Philippians 4:10–13

Jesus Christ, the Son in whom we are loved by the Father


Bulletin for: 
Sunday, May 29, 2016
Order of worship: 
Pastor to People: 

Do for others what you would like them to do for you (Matt. 7:12).

Recently I was asked to contribute an article to the Princeton Packet explaining what the Golden Rule means to me. I thought I would share a portion of it with you:

Democrats, do you think God loves Republicans? Republicans, do you think God loves Democrats?

Ours is a moment of contentious politics, and the Golden Rule provides a way forward. The words of the Apostle Paul in Philippians 2:3–4 draw on the Golden Rule: Do nothing from rivalry or conceit, but in humility count others more significant than yourselves. Let each of you look not only to his own interests but also to the interests of others. What an unexpectedly fresh spin on the Golden Rule! Paul connects it to true humility, which has nothing to do with make-believe inadequacy: imagine Einstein saying, “oh, I am not especially smart.” True humility is much more like self-forgetfulness: not getting hung up on yourself, but instead using who you are and what you are for the good of those around you.

Self-forgetful interest in others makes all the difference in the world. Take, for instance, the state of race relations in our country. Debby Irving, in her superb book Waking Up White, admits, “I‘ve been socialized to talk at someone, to prove a point or show off how much I know.” That attitude is in the air we breathe here in Princeton. Stone Hill elder Tone Bellamy stands out as a counter-example. He grew up in Trenton, and yet he has devoted time over the past six years to learn what an affluent white suburban guy like me thinks and feels. And I‘ve enjoyed immensely the process of learning from him as well. We were worlds apart, but there has been humble “Golden Rule” listening and healing and growing.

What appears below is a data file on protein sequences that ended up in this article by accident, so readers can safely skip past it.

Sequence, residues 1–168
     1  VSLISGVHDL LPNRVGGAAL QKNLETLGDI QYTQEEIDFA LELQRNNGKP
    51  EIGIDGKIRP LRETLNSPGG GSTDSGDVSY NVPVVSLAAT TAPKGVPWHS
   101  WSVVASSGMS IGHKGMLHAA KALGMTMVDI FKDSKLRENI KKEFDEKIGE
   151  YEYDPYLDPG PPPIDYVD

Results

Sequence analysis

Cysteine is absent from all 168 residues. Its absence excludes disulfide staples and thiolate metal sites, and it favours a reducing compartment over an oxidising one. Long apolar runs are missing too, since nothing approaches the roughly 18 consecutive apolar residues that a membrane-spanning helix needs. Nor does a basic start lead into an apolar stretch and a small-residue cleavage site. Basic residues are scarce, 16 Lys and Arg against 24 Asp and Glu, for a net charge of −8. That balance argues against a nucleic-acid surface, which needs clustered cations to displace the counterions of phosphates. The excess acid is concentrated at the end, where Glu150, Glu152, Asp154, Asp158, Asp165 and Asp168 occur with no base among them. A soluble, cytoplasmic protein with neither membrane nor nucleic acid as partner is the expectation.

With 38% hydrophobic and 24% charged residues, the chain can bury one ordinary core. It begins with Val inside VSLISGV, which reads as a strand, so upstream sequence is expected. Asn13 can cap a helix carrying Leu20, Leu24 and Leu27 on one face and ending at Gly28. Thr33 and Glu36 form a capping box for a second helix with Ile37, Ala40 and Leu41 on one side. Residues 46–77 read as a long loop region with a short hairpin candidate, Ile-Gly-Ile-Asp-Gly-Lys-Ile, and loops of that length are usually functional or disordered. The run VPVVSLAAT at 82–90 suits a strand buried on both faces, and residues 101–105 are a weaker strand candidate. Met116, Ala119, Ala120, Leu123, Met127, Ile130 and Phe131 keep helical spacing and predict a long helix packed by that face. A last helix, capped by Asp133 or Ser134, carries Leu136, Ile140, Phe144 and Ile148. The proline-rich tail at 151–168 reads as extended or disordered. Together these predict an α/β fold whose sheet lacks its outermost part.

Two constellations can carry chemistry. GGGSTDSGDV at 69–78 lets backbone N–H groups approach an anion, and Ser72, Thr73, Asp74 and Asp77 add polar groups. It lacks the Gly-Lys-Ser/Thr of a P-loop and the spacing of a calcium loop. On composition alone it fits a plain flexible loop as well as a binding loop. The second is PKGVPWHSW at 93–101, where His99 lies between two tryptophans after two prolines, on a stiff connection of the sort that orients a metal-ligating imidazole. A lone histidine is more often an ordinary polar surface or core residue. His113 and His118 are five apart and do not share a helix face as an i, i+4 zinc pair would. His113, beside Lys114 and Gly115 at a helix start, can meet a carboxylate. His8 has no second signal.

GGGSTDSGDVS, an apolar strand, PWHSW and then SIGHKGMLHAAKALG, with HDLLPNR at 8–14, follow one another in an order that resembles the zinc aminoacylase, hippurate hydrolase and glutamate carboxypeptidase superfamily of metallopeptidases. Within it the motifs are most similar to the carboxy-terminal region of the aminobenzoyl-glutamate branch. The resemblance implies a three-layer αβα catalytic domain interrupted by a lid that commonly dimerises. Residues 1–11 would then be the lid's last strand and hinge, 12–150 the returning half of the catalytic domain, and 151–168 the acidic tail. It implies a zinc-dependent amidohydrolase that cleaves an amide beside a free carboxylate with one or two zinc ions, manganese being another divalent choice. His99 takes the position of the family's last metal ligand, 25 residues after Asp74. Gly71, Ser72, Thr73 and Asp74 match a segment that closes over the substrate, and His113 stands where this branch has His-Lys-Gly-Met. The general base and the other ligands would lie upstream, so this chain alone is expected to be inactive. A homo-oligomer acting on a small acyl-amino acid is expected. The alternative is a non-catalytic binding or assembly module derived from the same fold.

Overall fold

I don’t think it’s at all naïve to propose that we inject the same sort of humility into our political life together. During this contentious election year, what if we were to set the pace for a fresh round of civility? What if we really did listen to others the way we would like them to listen to us? That possibility is what the Golden Rule in Election Year 2016 means to me.